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Computer Networking

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ContentsArticlesNetworkingComputer networking Computer network Local area network Campus area network Metropolitan area network Wide area network Hotspot (Wi-Fi) 1 1 5 14 16 17 18 19 23 23 29 32 35 36 40 42 46 48 50 53 53 54 56 63 64 66 72 72 85 89 97

OSI ModelOSI model Physical Layer Media Access Control Logical Link Control Data Link Layer Network Layer Transport Layer Session Layer Presentation Layer Application Layer

IEEE 802.1IEEE 802.1D Link Layer Discovery Protocol Spanning tree protocol IEEE 802.1p IEEE 802.1Q IEEE 802.1X

IEEE 802.3Ethernet Link aggregation Power over Ethernet Gigabit Ethernet

10 Gigabit Ethernet 100 Gigabit Ethernet

102 109 113 113 120 136 140 152 157 169 177 184 192 198 202 205 212 216 227 227 233 234 238 253 257 257 266 268 271 273 276 285 285 289 308

StandardsIP address Transmission Control Protocol Internet Protocol IPv4 IPv4 address exhaustion IPv6 Dynamic Host Configuration Protocol Network address translation Simple Network Management Protocol Internet Protocol Suite Internet Control Message Protocol Internet Group Management Protocol Simple Mail Transfer Protocol Internet Message Access Protocol Lightweight Directory Access Protocol

RoutingRouting Static routing Link-state routing protocol Open Shortest Path First Routing Information Protocol

IEEE 802.11IEEE 802.11 IEEE 802.11 (legacy mode) IEEE 802.11a-1999 IEEE 802.11b-1999 IEEE 802.11g-2003 IEEE 802.11n-2009

OtherTwisted pair Optical fiber Optical fiber connector

IEC connector


ReferencesArticle Sources and Contributors Image Sources, Licenses and Contributors 320 329

Article LicensesLicense 332


NetworkingComputer networkingComputer networking is the engineering discipline concerned with the communication between computer systems or devices. A computer network is any set of computers or devices connected to each other with the ability to exchange data.[1] Computer networking is sometimes considered a sub-discipline of telecommunications, computer science, information technology and/or computer engineering since it relies heavily upon the theoretical and practical application of these scientific and engineering disciplines. The three types of networks are: the Internet, the intranet, and the extranet. Examples of different network methods are:

Local area network (LAN), which is usually a small network constrained to a small geographic area. An example of a LAN would be a computer network within a building.

Network cards such as this one can transmit and receive data at high rates over various types of network cables. This card is a 'Combo' card which supports three cabling standards.

Metropolitan area network (MAN), which is used for medium size area. examples for a city or a state. Wide area network (WAN) that is usually a larger network that covers a large geographic area. Wireless LANs and WANs (WLAN & WWAN) are the wireless equivalent of the LAN and WAN. All networks are interconnected to allow communication with a variety of different kinds of media, including twisted-pair copper wire cable, coaxial cable, optical fiber, power lines and various wireless technologies.[2] The devices can be separated by a few meters (e.g. via Bluetooth) or nearly unlimited distances (e.g. via the interconnections of the Internet[3] ). Networking, routers, routing protocols, and networking over the public Internet have their specifications defined in documents called RFCs.[4]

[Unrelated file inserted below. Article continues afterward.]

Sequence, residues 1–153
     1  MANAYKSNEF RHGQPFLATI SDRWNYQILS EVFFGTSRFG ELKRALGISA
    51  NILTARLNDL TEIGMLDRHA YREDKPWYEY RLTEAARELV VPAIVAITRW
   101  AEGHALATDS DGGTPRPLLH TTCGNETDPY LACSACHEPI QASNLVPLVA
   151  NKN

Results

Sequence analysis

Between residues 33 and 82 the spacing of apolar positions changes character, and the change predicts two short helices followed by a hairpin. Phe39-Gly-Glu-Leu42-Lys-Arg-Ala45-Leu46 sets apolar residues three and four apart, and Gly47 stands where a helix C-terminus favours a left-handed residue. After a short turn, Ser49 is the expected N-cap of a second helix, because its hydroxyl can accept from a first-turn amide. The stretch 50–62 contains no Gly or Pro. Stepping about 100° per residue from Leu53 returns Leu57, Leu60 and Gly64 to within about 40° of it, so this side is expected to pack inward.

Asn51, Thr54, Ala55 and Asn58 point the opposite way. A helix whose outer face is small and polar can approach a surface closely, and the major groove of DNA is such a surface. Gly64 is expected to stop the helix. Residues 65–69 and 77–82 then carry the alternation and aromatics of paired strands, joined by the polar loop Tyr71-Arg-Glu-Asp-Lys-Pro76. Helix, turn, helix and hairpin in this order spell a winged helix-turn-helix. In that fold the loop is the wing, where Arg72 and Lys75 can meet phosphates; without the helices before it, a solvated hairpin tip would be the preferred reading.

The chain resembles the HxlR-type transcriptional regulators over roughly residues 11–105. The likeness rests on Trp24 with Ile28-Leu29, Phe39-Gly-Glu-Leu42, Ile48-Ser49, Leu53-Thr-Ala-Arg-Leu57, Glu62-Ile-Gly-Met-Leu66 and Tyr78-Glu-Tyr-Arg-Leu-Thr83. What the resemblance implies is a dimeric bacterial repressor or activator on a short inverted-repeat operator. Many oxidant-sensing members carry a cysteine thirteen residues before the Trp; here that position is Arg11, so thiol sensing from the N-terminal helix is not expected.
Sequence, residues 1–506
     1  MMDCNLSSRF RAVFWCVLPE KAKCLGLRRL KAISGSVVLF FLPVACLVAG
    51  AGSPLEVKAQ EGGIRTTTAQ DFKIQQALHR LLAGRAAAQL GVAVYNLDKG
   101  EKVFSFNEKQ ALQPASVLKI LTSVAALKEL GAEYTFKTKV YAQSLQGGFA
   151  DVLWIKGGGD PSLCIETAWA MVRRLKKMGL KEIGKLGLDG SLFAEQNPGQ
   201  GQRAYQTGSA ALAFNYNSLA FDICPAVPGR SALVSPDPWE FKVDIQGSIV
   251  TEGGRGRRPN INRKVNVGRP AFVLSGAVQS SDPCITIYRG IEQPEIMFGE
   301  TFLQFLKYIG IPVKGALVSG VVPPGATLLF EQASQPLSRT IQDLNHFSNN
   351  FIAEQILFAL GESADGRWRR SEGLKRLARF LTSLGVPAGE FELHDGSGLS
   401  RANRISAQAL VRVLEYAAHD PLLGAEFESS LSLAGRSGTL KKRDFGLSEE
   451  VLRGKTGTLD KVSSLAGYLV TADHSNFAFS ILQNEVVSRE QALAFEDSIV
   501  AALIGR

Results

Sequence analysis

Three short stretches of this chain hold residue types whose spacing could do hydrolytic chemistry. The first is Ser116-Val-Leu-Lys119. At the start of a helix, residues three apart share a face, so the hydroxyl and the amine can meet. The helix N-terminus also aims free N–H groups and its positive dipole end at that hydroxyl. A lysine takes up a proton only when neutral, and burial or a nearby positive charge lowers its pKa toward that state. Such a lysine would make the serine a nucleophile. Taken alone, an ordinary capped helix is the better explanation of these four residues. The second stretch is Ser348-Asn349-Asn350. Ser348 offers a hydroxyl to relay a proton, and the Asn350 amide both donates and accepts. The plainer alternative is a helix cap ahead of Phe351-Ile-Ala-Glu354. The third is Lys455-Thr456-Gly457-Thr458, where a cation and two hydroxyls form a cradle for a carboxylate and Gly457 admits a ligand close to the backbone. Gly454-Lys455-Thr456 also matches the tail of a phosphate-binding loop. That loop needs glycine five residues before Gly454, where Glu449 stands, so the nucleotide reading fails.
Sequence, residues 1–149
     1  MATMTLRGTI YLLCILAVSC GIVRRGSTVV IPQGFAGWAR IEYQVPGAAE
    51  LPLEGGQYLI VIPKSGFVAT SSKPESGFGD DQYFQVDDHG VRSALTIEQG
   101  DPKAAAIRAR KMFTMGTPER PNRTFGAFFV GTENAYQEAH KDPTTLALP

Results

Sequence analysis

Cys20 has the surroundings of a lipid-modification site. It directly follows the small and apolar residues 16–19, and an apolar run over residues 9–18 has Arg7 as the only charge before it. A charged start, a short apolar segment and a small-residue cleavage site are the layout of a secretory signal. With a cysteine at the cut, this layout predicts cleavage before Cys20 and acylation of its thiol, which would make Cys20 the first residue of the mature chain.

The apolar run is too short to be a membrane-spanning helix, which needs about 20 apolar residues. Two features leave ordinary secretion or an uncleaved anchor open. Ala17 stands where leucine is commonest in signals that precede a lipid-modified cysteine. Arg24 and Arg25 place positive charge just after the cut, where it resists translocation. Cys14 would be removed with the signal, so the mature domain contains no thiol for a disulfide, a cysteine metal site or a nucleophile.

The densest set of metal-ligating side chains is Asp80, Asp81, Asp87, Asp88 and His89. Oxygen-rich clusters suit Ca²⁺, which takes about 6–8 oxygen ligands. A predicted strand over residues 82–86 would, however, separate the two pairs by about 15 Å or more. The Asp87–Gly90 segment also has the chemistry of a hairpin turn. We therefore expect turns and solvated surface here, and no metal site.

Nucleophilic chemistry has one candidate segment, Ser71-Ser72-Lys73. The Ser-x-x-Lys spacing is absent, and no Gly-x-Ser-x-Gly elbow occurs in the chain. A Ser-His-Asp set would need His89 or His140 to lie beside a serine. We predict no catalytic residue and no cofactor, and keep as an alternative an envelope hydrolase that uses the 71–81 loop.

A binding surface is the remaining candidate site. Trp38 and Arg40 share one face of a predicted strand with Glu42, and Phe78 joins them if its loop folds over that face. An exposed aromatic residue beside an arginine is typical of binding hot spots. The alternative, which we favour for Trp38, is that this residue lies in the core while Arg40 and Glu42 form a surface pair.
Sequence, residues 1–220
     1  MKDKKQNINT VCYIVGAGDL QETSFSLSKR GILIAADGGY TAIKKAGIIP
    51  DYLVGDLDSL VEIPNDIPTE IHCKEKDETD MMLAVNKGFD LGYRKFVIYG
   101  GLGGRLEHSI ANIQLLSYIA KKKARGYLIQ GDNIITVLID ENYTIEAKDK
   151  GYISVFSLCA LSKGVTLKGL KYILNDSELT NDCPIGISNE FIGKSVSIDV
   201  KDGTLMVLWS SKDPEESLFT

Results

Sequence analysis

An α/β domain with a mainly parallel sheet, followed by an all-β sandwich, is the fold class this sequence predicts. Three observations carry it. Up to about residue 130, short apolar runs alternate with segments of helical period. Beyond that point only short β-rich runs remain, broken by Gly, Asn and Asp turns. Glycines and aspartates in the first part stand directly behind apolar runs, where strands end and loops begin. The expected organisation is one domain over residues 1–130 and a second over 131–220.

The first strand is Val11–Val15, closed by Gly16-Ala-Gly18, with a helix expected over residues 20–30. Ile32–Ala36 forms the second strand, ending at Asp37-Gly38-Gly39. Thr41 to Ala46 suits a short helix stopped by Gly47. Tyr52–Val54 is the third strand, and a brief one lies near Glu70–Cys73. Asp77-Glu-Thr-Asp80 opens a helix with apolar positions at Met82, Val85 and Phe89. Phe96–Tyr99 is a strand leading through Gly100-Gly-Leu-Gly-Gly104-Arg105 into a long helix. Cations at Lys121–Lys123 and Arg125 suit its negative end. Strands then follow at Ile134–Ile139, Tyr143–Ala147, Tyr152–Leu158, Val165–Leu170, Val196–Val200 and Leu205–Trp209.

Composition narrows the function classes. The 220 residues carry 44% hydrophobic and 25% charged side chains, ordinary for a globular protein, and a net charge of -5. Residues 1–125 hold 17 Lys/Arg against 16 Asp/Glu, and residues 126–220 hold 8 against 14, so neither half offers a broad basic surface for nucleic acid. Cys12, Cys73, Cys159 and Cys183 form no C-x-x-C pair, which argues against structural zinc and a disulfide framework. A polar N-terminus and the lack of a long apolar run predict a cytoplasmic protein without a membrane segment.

Views of networksUsers and network administrators often have different views of their networks. Often, users who share printers and some servers form a workgroup, which usually means they are in the same geographic location and are on the same LAN. A community of interest has less of a connection of being in a local area, and should be thought of as a set of arbitrarily located users who share a set of servers, and possibly also communicate via peer-to-peer technologies. Network administrators see networks from both physical and logical perspectives. The physical perspective involves geographic locations, physical cabling, and the network elements (e.g., routers, bridges and application layer gateways that interconnect the physical media. Logical networks, called, in the TCP/IP architecture, subnets, map onto one or more physical media. For example, a common practice in a campus of buildings is to make a set of LAN cables in each building appear to be a common subnet, using virtual LAN (VLAN) technology. Both users and administrators will be aware, to varying extents, of the trust and scope characteristics of a network. Again using TCP/IP architectural terminology, an intranet is a community of interest under private administration usually by an enterprise, and is only accessible by authorized users (e.g. employees).[5] Intranets do not have to be connected to the Internet, but generally have a limited connection. An extranet is an extension of an intranet that